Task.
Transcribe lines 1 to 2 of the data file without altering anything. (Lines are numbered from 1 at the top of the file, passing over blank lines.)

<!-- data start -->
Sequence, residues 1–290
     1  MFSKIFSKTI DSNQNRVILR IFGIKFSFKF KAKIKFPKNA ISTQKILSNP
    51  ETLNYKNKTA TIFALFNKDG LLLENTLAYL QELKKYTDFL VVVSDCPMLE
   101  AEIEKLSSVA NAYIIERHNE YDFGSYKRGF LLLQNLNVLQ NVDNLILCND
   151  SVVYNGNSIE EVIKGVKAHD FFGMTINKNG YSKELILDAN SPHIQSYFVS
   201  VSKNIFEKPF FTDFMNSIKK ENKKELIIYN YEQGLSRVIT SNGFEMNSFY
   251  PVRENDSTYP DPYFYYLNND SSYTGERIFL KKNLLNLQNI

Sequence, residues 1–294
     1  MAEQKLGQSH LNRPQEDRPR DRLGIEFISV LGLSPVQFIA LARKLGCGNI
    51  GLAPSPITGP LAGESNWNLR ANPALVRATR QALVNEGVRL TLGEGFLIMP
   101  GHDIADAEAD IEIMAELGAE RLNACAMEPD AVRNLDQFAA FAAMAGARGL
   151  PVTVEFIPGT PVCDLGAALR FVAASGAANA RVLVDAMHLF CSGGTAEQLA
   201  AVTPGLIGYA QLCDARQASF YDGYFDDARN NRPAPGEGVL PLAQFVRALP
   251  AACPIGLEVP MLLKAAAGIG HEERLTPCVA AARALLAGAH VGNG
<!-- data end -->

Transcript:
Sequence, residues 1–290
     1  MFSKIFSKTI DSNQNRVILR IFGIKFSFKF KAKIKFPKNA ISTQKILSNP